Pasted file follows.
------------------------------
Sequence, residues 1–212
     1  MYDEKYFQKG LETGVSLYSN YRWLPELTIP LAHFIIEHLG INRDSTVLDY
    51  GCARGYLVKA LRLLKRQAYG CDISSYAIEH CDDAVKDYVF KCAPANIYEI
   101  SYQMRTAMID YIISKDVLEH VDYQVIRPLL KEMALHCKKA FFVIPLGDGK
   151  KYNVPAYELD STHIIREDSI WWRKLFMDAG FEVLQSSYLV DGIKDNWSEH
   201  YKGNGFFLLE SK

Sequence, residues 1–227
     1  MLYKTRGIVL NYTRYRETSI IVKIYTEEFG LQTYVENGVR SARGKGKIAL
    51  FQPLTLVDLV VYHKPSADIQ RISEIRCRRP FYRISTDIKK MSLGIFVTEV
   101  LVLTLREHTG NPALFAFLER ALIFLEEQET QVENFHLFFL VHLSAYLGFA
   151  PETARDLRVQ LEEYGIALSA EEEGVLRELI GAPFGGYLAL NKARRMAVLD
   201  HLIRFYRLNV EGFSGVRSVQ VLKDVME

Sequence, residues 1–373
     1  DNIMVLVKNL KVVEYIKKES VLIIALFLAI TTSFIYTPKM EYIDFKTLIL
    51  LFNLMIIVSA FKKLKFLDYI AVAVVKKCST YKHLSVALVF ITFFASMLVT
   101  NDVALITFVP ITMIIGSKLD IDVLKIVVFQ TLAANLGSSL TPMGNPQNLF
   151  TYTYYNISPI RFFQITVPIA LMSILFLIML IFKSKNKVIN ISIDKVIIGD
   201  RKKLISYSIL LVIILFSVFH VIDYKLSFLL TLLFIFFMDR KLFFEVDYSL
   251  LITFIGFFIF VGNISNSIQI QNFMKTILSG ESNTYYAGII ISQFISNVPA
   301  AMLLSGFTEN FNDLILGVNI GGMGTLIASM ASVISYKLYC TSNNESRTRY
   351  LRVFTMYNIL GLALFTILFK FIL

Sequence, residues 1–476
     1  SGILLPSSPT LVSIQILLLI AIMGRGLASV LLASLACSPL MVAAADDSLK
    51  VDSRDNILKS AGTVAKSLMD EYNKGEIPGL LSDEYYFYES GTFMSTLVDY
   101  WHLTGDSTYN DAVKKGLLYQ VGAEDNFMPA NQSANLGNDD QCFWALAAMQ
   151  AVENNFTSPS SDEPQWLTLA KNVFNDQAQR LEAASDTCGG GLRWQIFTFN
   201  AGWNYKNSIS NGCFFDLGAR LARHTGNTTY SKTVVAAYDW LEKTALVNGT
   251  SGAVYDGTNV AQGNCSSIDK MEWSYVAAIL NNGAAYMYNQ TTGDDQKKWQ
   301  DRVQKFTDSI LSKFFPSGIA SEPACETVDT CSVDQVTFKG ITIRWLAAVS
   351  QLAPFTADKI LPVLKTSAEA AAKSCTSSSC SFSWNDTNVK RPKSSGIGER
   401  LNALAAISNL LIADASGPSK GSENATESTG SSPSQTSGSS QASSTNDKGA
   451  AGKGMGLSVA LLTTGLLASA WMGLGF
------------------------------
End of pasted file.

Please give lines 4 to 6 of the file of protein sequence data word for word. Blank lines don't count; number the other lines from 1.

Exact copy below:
   101  SYQMRTAMID YIISKDVLEH VDYQVIRPLL KEMALHCKKA FFVIPLGDGK
   151  KYNVPAYELD STHIIREDSI WWRKLFMDAG FEVLQSSYLV DGIKDNWSEH
   201  YKGNGFFLLE SK